Literary journalism, which is exceedingly popular in the Hispanic world, is a way of writing journalism that borders on literature. It was a phenomenon that revolutionised traditional journalism, and it has had avid followers and energetic detractors from the outset. Today, three experienced journalists, representing media of considerable importance in Latin America, debate about literary journalism, whether it exists as such and the grey area between literature and journalism.

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Rubén Blades in conversation with Roberto Pombo

Cartagena 2011, 
This great star of Latin music is also an activist, a composer, actor and a lawyer; to all of this, we can add his experience as Panama’s Minister of Tourism for five years. Rubén Blades, the inventor of “intellectual salsa”, so-called because of its socially involved lyrics, never rests; he has just finished his Todos Vuelven tour, he has been filming a movie in Mexico and has recently won his ninth Latin Grammy. He talks to Roberto Pombo about musical innovation, social commitment and about how he combines music with his other projects.

Simultaneous translation from Spanish to English available

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Pablo Francisco Arrieta in conversation with David Eagleman

Information Utopia

Cartagena 2011, 
The architect Pablo Arrieta is a master of new technologies. Neuroscientist David Eagleman is a supporter of the digital project Why the Net Matters: How the Internet will Save Civilisation. They bring us up to date with the information industry of today, reflecting on the disappearance of the boundaries between the publishing, digital and media industries.

Simultaneous translation from English to Spanish available

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Bee Rowlatt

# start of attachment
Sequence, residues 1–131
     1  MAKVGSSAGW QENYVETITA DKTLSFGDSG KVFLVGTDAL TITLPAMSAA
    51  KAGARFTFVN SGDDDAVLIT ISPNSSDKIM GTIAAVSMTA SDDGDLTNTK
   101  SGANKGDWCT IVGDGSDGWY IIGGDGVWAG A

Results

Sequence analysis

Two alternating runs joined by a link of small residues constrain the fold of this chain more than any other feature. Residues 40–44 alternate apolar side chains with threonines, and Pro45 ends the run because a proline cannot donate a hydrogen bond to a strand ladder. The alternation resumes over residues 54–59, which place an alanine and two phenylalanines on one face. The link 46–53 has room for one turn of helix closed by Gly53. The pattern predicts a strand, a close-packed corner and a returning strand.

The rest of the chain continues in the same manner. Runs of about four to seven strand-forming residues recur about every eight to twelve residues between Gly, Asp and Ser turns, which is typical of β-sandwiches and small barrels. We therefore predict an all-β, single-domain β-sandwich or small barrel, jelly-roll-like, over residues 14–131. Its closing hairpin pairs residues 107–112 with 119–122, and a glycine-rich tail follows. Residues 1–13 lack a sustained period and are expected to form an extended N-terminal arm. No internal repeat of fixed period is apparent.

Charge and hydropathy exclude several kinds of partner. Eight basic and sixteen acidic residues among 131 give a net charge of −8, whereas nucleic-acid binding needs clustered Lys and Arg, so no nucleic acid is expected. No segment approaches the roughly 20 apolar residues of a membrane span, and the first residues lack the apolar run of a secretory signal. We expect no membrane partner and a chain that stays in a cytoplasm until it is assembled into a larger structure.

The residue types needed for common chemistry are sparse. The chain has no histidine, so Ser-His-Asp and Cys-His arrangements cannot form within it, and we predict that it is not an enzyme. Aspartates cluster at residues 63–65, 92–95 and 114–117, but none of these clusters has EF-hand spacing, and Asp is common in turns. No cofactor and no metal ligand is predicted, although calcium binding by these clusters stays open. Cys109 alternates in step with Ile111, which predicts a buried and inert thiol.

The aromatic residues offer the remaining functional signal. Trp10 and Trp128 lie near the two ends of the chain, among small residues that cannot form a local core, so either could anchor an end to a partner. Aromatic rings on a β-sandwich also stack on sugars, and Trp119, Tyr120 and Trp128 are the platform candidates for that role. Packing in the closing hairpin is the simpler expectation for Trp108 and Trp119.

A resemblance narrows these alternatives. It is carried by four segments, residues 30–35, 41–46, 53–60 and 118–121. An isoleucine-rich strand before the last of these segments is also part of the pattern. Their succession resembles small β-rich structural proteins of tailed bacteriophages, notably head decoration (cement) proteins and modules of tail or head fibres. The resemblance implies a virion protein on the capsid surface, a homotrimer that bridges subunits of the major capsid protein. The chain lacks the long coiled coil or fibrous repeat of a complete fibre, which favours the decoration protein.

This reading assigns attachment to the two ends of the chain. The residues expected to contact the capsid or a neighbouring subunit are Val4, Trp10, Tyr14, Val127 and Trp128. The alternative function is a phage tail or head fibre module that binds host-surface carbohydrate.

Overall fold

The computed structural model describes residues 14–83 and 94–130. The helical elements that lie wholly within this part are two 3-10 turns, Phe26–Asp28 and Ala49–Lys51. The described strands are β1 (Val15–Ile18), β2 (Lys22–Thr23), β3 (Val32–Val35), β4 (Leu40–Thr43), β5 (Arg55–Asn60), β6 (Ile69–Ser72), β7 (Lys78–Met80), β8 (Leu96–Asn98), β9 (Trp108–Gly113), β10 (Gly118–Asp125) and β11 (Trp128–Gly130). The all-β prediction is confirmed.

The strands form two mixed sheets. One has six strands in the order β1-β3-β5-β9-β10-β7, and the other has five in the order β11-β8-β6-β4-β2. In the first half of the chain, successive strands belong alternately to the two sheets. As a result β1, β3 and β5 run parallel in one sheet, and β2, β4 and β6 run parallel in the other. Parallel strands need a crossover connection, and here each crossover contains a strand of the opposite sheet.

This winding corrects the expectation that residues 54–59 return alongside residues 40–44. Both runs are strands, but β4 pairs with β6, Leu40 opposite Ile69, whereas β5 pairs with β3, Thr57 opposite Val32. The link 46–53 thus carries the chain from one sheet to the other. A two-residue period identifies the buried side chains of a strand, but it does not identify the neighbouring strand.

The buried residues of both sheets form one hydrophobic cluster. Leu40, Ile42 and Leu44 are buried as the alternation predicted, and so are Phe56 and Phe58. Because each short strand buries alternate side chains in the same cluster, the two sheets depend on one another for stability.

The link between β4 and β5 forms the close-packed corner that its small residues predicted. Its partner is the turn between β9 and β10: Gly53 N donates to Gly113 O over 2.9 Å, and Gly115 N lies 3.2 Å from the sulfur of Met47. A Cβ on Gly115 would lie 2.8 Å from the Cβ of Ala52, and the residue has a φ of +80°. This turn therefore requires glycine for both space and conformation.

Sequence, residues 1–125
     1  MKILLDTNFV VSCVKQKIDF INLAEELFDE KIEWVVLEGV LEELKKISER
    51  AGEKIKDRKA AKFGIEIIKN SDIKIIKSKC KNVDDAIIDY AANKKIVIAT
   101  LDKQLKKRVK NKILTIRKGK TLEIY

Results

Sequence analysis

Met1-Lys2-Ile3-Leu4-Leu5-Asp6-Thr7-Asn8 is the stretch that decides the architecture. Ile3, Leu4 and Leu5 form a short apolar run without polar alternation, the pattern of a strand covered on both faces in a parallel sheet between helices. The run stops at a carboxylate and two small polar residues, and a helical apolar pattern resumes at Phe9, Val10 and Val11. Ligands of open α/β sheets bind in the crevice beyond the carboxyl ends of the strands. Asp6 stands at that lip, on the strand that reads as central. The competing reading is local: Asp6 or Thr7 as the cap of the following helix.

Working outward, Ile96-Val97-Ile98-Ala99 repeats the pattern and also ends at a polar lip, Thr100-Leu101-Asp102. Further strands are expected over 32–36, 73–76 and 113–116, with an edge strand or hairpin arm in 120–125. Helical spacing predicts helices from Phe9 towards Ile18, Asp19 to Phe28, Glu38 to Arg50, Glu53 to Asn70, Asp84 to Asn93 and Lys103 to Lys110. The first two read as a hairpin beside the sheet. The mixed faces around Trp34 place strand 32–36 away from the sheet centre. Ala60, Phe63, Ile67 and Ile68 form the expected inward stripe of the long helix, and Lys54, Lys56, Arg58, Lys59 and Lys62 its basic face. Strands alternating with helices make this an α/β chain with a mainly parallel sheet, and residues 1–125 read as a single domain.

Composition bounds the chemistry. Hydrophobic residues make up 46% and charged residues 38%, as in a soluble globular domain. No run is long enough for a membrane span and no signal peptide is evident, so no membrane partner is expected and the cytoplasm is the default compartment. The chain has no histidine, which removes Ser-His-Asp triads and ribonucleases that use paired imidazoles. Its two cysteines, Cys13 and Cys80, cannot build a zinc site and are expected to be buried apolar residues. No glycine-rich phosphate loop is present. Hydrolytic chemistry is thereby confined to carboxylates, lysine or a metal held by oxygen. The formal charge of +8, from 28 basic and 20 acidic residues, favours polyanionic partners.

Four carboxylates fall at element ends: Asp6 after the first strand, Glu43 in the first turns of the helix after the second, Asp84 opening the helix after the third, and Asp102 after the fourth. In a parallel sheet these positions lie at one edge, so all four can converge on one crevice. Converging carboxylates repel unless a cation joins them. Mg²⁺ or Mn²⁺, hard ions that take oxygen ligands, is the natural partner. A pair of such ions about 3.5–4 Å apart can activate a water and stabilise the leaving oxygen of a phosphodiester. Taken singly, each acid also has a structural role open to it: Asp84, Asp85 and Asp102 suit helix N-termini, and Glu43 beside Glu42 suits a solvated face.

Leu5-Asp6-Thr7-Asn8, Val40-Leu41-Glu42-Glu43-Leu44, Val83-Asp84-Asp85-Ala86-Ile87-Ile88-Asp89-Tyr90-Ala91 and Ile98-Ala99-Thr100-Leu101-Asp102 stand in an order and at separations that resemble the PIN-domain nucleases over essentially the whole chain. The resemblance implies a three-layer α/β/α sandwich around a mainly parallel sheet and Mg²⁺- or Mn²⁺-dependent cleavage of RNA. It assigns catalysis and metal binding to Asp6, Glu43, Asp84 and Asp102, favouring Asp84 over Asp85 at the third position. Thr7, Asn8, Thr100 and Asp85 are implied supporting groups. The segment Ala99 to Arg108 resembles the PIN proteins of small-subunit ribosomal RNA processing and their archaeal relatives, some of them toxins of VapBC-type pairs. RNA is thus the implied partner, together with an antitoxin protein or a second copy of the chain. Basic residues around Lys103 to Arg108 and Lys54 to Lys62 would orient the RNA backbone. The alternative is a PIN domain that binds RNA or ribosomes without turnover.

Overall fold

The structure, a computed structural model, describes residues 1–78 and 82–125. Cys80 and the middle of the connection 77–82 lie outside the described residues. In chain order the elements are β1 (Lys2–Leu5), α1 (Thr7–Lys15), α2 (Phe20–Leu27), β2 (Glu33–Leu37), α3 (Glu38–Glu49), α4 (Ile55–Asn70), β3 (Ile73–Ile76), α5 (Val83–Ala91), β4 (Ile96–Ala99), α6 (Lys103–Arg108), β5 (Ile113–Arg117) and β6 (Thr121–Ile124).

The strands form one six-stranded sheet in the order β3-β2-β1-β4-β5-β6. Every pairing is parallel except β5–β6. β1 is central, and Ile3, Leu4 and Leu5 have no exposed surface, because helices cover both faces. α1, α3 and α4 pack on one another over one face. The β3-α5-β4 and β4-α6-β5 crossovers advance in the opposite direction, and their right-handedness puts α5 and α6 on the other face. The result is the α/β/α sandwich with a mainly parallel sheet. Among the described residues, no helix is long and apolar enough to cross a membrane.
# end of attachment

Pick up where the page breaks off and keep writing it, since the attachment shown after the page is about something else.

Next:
Talking about Jane Austen in Bagdad

Cartagena 2011, 
Bee Rowlatt, a reporter for the BBC World Service, looked for Iraqis who spoke English in order to find out about life in a Baghdad destroyed by war. That was when she found May Witwit, an English literature teacher who helped her students forget about bullets and bombs with stories about Jane Austen. Communicating by email, they became close friends despite differences in age, religion and culture. This correspondence, which was made into a book, provides a fascinating portrait of Iraq after the fall of Saddam Hussein, and also describes an ingenious plan for May to escape from Baghdad, bringing her safely back to the United Kingdom.

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Fernando Gaitán, Beatriz Robledo, Guadalupe Nettel, Andrés Neuman and Roberto Burgos Cantor with Juan Gossaín

RCN Ministry of Education story competition: How to tell a story

Cartagena 2011, 
The judges of the fourth RCN Ministry of Education short story competition will share their experiences and skills with the public by telling their own stories. This will be followed by the presentation of awards to the young competition winners.

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Fernando Gaitán, Senel Paz and David Trueba with Manuel Gutiérrez Aragón

The Script: A Universal Form

Cartagena 2011, 
Television and film are based on a kind of writing called the script, which is perhaps one of the most universal forms. What is it like? What goes into making it? Why does everyone consume it? Talking about these matters will be: the Colombian Fernando Gaitán, well known scriptwriter and soap opera and television series producer; the Cuban Senel Paz, cinema scriptwriter and author; and the multi-talented David Trueba, who has experience in all facets of film making, particularly scriptwriting and direction. Chaired by Manuel Gutiérrez Aragón, one of the most recognised directors of his generation, with many awards to his name.

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Martín Solares, Tomás González and William Ospina with Óscar Collazos

Narrating Violence

Cartagena 2011,